In a tradition extending from the medieval era to the early twentieth century, visually disabled Japanese women known as goze toured the Japanese countryside as professional singers and contributed to the vitality of rural musical culture. The goze sang unique narratives (many requiring several hours to perform) as well as a huge repertory of popular ballads and short songs, typically accompanied by a three-stringed lute known as the shamisen. During the Edo period (1600-1868) goze formed guild-like occupational associations and created an iconic musical repertory. They were remarkably successful in fighting discrimination accorded to women, people with physical disabilities, the poor, and itinerants, using their specialized art to connect directly to the commoner public. The best documented goze lived in Echigo province in the Japanese northwest. Although their activities peaked in the nineteenth century, some women continued to tour until the middle of the twentieth. The last active goze survived until 2005.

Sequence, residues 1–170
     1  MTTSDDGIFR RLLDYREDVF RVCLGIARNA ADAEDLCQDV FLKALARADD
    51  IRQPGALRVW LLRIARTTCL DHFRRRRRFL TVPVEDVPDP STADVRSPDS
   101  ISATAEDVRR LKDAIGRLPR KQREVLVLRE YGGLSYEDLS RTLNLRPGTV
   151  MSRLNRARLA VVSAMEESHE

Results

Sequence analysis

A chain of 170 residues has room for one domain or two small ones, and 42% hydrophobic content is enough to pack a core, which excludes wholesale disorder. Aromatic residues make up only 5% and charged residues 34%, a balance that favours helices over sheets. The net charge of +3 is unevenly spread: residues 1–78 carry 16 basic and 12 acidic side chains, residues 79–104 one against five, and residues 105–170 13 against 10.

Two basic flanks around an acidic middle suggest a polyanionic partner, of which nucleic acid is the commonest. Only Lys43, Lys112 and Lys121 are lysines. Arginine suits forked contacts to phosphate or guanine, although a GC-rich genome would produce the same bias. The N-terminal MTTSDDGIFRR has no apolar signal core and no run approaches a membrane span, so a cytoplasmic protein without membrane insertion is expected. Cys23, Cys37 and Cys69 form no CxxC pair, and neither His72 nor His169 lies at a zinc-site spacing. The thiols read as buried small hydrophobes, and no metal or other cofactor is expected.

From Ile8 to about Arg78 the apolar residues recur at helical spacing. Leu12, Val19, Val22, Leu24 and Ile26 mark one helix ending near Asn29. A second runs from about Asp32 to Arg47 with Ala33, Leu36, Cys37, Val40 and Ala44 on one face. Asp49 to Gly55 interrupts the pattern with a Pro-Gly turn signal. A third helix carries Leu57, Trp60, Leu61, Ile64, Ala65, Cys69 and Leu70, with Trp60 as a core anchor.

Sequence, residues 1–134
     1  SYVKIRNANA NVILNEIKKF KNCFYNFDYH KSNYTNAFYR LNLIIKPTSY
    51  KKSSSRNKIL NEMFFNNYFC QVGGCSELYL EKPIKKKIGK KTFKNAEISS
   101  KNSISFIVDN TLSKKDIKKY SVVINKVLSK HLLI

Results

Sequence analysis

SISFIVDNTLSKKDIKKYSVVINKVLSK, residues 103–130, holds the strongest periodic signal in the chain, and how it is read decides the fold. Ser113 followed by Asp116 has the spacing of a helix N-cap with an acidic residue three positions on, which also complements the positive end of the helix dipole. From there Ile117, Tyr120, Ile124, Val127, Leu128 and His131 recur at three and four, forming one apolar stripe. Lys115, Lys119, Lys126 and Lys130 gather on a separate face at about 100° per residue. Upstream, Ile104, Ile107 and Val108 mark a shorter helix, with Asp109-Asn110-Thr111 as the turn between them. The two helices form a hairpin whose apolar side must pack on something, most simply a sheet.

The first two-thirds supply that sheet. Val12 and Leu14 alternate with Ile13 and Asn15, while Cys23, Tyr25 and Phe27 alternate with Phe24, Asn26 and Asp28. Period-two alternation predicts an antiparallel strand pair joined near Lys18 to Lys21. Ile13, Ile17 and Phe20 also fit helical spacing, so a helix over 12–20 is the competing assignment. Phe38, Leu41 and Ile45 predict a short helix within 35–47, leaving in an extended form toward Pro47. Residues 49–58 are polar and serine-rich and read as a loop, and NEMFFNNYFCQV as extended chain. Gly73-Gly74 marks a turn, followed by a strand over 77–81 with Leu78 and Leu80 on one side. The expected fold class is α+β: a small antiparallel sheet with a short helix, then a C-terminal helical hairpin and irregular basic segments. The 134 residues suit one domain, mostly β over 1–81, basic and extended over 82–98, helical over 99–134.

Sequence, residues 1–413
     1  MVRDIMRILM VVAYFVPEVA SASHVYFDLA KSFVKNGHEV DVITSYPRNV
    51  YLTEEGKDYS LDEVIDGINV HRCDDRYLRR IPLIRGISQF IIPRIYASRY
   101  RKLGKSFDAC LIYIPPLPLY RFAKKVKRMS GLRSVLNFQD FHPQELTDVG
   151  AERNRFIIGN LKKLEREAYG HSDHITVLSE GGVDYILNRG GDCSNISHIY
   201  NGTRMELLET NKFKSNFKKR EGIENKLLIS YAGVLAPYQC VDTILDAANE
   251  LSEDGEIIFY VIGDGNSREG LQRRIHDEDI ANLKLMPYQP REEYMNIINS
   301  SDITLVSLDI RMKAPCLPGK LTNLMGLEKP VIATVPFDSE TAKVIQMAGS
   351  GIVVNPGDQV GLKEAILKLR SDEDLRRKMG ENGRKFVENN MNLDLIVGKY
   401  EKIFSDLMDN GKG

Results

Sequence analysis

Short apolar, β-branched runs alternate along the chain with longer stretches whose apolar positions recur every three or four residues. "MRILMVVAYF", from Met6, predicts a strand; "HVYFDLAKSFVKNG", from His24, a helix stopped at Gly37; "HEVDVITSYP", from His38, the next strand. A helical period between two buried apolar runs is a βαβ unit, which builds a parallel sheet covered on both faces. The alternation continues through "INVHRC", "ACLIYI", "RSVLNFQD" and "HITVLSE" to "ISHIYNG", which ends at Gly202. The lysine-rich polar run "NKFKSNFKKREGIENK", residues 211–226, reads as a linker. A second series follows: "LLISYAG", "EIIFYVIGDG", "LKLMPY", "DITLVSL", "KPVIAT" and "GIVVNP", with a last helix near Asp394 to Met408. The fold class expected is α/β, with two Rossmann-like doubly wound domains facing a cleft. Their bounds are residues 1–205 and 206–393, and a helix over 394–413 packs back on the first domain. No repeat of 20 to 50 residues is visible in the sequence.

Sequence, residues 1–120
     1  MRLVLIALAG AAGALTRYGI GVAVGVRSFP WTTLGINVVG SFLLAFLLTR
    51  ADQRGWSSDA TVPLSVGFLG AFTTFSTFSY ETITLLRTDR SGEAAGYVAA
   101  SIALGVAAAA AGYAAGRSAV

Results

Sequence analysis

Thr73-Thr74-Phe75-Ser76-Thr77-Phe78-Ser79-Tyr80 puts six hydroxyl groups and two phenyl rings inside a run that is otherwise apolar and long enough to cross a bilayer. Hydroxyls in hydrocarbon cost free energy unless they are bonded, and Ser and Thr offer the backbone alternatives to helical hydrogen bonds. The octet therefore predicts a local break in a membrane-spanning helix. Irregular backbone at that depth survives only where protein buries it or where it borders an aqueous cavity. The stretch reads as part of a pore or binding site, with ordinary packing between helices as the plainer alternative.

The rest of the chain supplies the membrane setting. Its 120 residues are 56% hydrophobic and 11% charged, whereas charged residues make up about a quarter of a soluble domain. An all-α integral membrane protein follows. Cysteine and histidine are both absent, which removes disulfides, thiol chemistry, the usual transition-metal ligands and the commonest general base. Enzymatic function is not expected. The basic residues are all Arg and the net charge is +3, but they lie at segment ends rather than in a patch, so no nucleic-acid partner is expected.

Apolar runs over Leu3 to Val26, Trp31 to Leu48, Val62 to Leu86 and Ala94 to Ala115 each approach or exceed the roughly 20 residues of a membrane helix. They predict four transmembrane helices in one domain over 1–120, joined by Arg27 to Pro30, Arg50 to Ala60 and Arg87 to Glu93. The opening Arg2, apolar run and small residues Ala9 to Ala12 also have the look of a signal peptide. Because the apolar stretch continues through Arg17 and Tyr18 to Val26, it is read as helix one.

In Goze: Blind Women and Musical Performance in Traditional Japan, author Gerald Groemer argues that goze activism was primarily a matter of the agency of performance itself. Groemer shows that the solidarity goze achieved with the rural public through narrative and music was based on the convergence of the goze's desire to achieve social autonomy and the wish of lower-class to mitigate the cultural deprivation to which they were otherwise so often subject. It was this correlation of emancipatory interests that allowed goze to flourish and attain a degree of social autonomy. Far from being pitied as helpless victims, goze were recognized as masterful artisans who had succeeded in transforming their disability into a powerful social tool and who could act as agents of widespread cultural development. As the first full-length scholarly work on goze in English, this book is sure to prove an invaluable resource to scholars and students of Japanese culture, Japanese music, ethnomusicology, and disability studies worldwide.